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Testing the Consistency Between Standard Contingent Valuation, Repeated Contingent Valuation and Choice Experiments

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  • Mike Christie
  • Christopher D. Azevedo

Abstract

"Choice experiments (CEs) are a relatively new approach to valuing environmental resources. Initial tests of the validity of the approach have either compared benefit estimates generated using CEs with those estimated using contingent valuation (CV) or used more sophisticated hypothesis tests of parameter equality. Although useful, existing tests have been restricted to testing consistency based on a single policy scenario (standard CV). We argue that, although these tests are informative, they fail to take full advantage of the richness of CE data. In particular, CE data allow for the calculation of benefit estimates over a range of policy scenarios (i.e. attribute combinations). A similar range of benefit estimates may be generated by pooling scenarios in a repeated CV study. In this paper, we explore this relationship between CV and CEs by conducting validity tests between a CE model and a repeated CV model over a range of three levels of improved water quality at Clear Lake, IA, USA. Evidence from this test suggests that the CE and CV data are consistent." Copyright (c) 2008 The Authors. Journal compilation (c) 2008 The Agricultural Economics Society.

Suggested Citation

  • Mike Christie & Christopher D. Azevedo, 2009. "Testing the Consistency Between Standard Contingent Valuation, Repeated Contingent Valuation and Choice Experiments," Journal of Agricultural Economics, Wiley Blackwell, vol. 60(1), pages 154-170.
  • Handle: RePEc:bla:jageco:v:60:y:2009:i:1:p:154-170
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    References listed on IDEAS

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    Cited by:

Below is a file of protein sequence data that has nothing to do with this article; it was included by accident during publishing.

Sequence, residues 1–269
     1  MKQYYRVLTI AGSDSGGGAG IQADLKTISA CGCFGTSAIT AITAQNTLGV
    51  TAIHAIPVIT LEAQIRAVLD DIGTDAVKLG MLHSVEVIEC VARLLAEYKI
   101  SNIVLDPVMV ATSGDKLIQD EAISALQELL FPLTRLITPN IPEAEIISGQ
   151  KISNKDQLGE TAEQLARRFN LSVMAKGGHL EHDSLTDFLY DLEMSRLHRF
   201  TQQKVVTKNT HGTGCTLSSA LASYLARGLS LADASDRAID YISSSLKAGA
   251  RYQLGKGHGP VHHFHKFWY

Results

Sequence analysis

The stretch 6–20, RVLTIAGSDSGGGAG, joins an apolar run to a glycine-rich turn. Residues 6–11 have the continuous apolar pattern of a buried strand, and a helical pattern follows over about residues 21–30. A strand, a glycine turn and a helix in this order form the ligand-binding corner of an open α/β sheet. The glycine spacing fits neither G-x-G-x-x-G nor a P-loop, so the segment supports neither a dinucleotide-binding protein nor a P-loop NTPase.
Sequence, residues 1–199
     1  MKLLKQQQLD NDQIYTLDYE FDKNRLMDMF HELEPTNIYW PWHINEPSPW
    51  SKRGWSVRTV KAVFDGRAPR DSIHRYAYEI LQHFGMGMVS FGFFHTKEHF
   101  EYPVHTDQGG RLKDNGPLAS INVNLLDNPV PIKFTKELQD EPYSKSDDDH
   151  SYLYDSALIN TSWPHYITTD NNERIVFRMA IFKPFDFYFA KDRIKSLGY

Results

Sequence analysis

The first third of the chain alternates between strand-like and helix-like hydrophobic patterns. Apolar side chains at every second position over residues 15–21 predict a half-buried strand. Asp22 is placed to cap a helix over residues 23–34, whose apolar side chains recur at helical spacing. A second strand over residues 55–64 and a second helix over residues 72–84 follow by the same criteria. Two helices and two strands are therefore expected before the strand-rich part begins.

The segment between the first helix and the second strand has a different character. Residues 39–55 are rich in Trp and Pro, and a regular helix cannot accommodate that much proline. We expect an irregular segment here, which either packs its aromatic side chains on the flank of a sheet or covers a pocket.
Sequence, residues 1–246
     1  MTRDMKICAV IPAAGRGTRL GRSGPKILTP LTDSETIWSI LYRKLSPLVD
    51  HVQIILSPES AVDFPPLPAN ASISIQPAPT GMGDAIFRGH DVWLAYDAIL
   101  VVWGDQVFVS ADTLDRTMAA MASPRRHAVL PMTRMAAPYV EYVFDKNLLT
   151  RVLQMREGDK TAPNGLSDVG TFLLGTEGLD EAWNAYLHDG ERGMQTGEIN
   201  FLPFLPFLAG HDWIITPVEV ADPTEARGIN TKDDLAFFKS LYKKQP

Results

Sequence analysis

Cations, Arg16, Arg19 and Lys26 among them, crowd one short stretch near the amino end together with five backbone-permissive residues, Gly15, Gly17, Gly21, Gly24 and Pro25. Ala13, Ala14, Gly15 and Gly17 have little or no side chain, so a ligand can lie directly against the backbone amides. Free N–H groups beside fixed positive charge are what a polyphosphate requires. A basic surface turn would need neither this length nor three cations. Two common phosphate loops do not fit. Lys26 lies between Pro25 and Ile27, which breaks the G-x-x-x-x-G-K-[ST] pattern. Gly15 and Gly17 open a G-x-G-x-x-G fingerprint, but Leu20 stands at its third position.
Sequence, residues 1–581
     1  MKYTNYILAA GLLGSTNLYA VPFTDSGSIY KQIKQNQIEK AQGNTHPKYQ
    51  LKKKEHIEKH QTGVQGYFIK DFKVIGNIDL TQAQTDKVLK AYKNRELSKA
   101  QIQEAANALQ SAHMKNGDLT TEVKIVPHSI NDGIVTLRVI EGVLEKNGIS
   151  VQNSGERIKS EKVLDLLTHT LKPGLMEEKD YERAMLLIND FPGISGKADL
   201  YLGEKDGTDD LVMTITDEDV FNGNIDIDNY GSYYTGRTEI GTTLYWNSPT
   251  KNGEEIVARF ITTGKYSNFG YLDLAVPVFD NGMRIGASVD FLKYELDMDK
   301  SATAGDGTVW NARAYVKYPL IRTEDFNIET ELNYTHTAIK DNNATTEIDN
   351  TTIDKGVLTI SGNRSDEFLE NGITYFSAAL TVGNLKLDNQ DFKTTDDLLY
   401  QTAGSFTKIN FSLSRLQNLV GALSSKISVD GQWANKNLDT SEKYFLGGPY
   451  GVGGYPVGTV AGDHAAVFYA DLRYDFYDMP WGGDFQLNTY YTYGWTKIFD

1. Mikołaj Czajkowski & Nick Hanley & Jacob LaRiviere, 2016. "Controlling for the Effects of Information in a Public Goods Discrete Choice Model," Environmental & Resource Economics, Springer;European Association of Environmental and Resource Economists, vol. 63(3), pages 523-544, March.
    2. José L. Oviedo & Alejandro Caparrós, 2014. "Comparing contingent valuation and choice modeling using field and eye-tracking lab data," Working Papers 1401, Instituto de Políticas y Bienes Públicos (IPP), CSIC.
    3. Carolina González & Nancy Johnson & Matin Qaim, 2009. "Consumer Acceptance of Second-Generation GM Foods: The Case of Biofortified Cassava in the North-east of Brazil," Journal of Agricultural Economics, Wiley Blackwell, vol. 60(3), pages 604-624.
    4. Oviedo, José L. & Caparrós, Alejandro, 2015. "Information and visual attention in contingent valuation and choice modeling: field and eye-tracking experiments applied to reforestations in Spain," Journal of Forest Economics, Elsevier, vol. 21(4), pages 185-204.
    5. Christopher Moore & Daniel Phaneuf & Walter Thurman, 2011. "A Bayesian Bioeconometric Model of Invasive Species Control: The Case of the Hemlock Woolly Adelgid," Environmental & Resource Economics, Springer;European Association of Environmental and Resource Economists, vol. 50(1), pages 1-26, September.
    6. repec:spr:envpol:v:20:y:2018:i:1:d:10.1007_s10018-017-0191-8 is not listed on IDEAS
    7. José Miguel Sánchez U., 2013. "Contingent valuation and choice experiments applied to the Sierra Nevada National Park in Venezuela," Economía, Instituto de Investigaciones Económicas y Sociales (IIES). Facultad de Ciencias Económicas y Sociales. Universidad de Los Andes. Mérida, Venezuela, vol. 38(35), pages 57-100, January-j.
    8. Pierre-Alexandre Mahieu & Henrik Andersson & Olivier Beaumais & Romain Crastes & François-Charles Wolff, 2014. "Is Choice Experiment Becoming more Popular than Contingent Valuation? A Systematic Review in Agriculture, Environment and Health," Working Papers 2014.12, FAERE - French Association of Environmental and Resource Economists.

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